Joe was due to be at Kent State, Ohio on Thursday for freshman orientation, but he would miss that in order to play a paying gig at Tony Marts, and wouldn’t make it to Ohio until Tuesday, he day after Labor Day, and he would be forever disoriented for missing freshman orientation.

And they were going to have to play without Todo Mambo or Jimi Hendrix and Stevie could only sit in to sing a few sets, but Joe was confident they could hold their own and after scrounging around Shrivers Pavilion and the Purple Dragon for more players to fill out the band for the three night gig, Walsh just sat down with Tony and explained it to him.

“We’re a Power Trio,” Joe said, “and even though we’re only three guys, we try harder.”

So Tony let them play, and even got to like some of their original songs because the crowd liked them too, and just let it go, like water off a duck’s back, he was just resigned to the fact that, as he put it, “The Hawks were the last of the gentlemen.”

“After the Hawks, the animals took over,” he lamented, taking a puff of his cigar and a sip of his drink. 

On the other side of the room Joey Dee and the Skyliters were rockin' the house, as everybody was up twisting to the "Peppermint Twist," the song that made them famous two years previous. They played the Peppermint Lounge in New York City, and their song made that place famous, so they became the house band there, but were now milking that song for whatever they could get. And then to close the set they did an extended version of the Isley Brothers' "Shout!" that had the college kids going crazy and lying down on the dance floor and bars and shaking on their backs - the ultimate Twist and Shout! 

"Shout, shout, let it all hang out.
These are the things I can do without
Come on, I'm talking to you, come on

In violent times 
You shouldn't have to sell your soul 
in black and white 
They really ought to know
Those one track minds 
That took you for a working boy
Kiss them goodbye
You shouldn't have to jump for joy

They gave you life
and in return you gave them Hell 
As cold as ice
I hope we live to tell the tale 
I hope we live to tel the tale 

And when you've taken down your guard 
If I could change your mind
I'd really love to break your heart 
I'd really love to break your heart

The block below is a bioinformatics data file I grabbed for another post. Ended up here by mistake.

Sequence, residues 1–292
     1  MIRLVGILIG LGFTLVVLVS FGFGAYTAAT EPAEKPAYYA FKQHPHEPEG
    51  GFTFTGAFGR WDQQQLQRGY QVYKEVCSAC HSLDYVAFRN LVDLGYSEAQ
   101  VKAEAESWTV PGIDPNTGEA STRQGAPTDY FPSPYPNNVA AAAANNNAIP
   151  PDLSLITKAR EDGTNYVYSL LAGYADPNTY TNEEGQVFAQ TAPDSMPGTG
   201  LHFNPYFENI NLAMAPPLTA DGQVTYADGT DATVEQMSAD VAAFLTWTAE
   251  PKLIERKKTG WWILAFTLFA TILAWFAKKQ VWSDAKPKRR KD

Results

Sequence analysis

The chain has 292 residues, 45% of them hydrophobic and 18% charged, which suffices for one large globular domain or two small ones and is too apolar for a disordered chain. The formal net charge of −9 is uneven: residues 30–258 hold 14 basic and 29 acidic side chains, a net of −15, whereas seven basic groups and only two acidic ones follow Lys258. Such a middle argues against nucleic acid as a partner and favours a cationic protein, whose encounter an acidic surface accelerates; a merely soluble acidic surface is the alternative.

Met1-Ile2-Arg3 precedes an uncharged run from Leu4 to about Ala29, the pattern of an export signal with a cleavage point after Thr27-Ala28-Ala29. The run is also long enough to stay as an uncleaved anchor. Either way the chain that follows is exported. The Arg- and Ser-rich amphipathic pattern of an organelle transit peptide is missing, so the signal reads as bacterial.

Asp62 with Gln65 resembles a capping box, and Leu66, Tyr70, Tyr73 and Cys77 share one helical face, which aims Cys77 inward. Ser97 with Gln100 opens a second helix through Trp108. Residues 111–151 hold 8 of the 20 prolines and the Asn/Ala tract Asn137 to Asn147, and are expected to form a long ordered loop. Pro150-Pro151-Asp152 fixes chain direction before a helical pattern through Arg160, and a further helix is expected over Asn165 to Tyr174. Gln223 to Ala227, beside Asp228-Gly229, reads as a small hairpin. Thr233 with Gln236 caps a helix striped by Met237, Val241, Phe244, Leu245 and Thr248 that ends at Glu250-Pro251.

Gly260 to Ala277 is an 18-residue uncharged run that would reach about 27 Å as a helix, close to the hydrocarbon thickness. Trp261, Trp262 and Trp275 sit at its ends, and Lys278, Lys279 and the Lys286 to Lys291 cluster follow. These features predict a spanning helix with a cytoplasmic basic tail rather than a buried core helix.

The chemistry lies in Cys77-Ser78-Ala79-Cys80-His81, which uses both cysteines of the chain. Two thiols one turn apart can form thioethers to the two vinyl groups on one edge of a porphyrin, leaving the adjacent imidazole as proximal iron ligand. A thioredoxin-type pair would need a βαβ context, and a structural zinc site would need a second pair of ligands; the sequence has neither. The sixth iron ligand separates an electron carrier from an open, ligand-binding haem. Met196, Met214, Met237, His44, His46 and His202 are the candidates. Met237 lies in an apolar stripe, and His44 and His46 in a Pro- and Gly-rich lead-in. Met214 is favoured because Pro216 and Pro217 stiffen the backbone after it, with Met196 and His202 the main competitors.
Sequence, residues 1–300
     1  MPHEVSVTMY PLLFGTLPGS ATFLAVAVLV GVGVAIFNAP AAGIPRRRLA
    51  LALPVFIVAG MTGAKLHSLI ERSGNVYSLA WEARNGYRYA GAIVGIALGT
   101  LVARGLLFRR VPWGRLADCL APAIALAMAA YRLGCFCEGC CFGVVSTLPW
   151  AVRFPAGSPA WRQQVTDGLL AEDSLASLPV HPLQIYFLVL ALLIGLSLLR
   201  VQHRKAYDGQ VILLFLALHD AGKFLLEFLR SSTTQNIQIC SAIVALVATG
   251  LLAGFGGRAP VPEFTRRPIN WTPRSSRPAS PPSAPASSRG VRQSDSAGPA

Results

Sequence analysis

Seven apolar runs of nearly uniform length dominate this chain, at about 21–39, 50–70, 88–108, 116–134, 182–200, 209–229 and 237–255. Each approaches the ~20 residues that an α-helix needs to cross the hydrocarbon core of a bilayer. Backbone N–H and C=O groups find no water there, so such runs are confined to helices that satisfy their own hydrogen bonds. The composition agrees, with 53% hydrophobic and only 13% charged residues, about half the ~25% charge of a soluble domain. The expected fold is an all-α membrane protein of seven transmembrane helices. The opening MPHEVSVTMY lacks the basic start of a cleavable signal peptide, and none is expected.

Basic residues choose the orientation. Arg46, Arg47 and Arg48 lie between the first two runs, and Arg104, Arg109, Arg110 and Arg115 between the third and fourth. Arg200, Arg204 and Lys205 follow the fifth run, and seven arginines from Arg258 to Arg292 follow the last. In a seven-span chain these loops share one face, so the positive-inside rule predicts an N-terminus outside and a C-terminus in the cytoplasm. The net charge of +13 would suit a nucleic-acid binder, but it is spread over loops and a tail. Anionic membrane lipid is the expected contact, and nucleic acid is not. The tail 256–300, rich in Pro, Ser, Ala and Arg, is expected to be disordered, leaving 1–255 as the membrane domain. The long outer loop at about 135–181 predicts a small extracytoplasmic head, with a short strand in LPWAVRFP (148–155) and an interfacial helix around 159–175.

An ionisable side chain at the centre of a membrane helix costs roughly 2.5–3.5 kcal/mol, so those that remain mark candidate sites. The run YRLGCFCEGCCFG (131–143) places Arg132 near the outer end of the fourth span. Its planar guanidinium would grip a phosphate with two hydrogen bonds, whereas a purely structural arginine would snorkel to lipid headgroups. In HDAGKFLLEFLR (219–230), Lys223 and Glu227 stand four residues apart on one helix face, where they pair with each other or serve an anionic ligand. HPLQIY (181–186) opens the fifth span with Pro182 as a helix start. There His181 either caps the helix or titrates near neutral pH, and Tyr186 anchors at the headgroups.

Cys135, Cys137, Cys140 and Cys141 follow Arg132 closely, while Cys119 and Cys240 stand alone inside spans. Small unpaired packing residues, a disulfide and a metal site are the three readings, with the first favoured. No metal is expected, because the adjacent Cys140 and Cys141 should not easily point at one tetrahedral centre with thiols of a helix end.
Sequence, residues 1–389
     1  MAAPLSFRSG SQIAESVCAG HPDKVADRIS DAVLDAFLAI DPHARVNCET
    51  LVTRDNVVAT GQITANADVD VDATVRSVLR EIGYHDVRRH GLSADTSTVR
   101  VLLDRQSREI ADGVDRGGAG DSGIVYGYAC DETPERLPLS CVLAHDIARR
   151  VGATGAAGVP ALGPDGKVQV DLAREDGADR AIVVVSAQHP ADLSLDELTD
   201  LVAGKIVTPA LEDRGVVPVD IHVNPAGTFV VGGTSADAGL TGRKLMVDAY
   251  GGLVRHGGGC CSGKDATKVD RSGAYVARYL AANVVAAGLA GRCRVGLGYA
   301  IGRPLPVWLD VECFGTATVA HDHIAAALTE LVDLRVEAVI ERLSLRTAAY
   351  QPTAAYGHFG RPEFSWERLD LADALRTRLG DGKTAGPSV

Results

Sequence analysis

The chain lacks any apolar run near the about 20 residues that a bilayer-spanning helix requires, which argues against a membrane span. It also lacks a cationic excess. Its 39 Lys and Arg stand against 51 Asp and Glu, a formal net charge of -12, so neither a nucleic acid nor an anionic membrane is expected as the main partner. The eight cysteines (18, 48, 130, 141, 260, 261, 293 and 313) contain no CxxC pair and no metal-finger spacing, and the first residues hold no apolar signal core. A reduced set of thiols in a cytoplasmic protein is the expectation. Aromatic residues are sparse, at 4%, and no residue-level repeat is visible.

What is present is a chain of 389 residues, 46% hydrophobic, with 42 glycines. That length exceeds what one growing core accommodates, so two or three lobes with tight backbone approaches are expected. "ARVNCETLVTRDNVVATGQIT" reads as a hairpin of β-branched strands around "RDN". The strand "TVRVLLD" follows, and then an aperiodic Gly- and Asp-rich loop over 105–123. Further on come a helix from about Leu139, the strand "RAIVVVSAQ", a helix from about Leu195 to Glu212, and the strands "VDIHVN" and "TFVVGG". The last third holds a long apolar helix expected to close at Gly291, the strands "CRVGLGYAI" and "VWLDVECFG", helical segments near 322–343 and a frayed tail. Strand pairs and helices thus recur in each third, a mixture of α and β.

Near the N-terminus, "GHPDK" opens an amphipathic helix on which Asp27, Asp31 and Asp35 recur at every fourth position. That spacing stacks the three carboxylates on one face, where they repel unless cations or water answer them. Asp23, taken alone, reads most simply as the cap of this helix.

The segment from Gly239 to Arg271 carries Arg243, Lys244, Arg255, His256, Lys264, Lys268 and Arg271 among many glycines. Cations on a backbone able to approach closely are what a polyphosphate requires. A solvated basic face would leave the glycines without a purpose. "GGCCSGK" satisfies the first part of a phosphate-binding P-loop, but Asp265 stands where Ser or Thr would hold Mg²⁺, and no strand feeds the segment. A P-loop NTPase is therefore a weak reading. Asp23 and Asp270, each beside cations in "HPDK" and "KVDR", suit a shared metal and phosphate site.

Come on, I'm talking to you come on 

But you really have to hear it with Hendrix on guitar. 

After his successful audition Joe Walsh talked to Tony about some gig details and then stuck around to see the Joey Dee and the Skyliters, but was attracted, as was everyone else in the house, to the guy in the back with the guitar, the tall, skinny black dude in the Afro. Joe zoomed in on the guitarists fingers and watched for a few minutes in awe and thought how the quiet guy talked with his guitar. 

Joe then searched his pockets and took out the guitar pick the guy with the left handed strat had given him and looked at it as if it had something magical about it, and he kissed it.
Jimi Hendrix with Joey Dee and the Starliters-1965

1 comment:

  1. Roomfull of Mirrors –A Biography of Jimi Hendrix - by Charles R. Cross –
    (Hyperion, NY, 2005)
    p. 122

    “When Jimi found he couldn’t make enough with the Squires to survive, he went on the road with Joey Dee and the Starliters, playing fifty-eight shows in sixty days. The job represented a coup for Jimi, as the Starliters were a successful band and their ‘Peppermint Twist’ had been a No. 1 hit….The Starliters were the first racially integrated band Jimi had joined since Seatle, and their sound was more rock’roll than his other early bands. Their tour concentrated on the Northeast, but they did make some appearances in the South, where Jimi found that being in an integrated band was even more difficult than playing in an all-black group. They slept in black-owned hotels, sometimes as far as fifty miles from the venue, and are sitting on flour sacks in the kitchen since the three black band members were not welcome in most restaurants. Though Jimi would later complain that he wasn’t paid enough, his tenure with the Starliters offered firsthand evidence that white musicians existed who were willing to stand up for civil rights…On the tour, the Starliters played to crowds as large as ten thousand, the biggest Jimi had yet seen. Still, because of the racial tension caused by the mixed band, in many venues the musicians were not allowed to leave the backstage area during set breaks. Perhaps because of their shared burden of prejudice, the Starliters were a close band, and Jimi quickly ingratiated himself….As a dance band, the Starliters had little choice but to play their hits note for note. Still, Jimi was given a solo every night during which he played with his guitar behind his head.”
    Joey Dee: “Jimi auditioned in my garage in Lodi, New Jersey, and we hired him immediately. He was a great guitar player.”
    “There were many times I was offered more money to tour without the black players, but I refused.”
    Starliter David Brigati: “Jimi was really shy at first, but he opened up and told wild stories of being on the road with the Isleys and Little Richard.”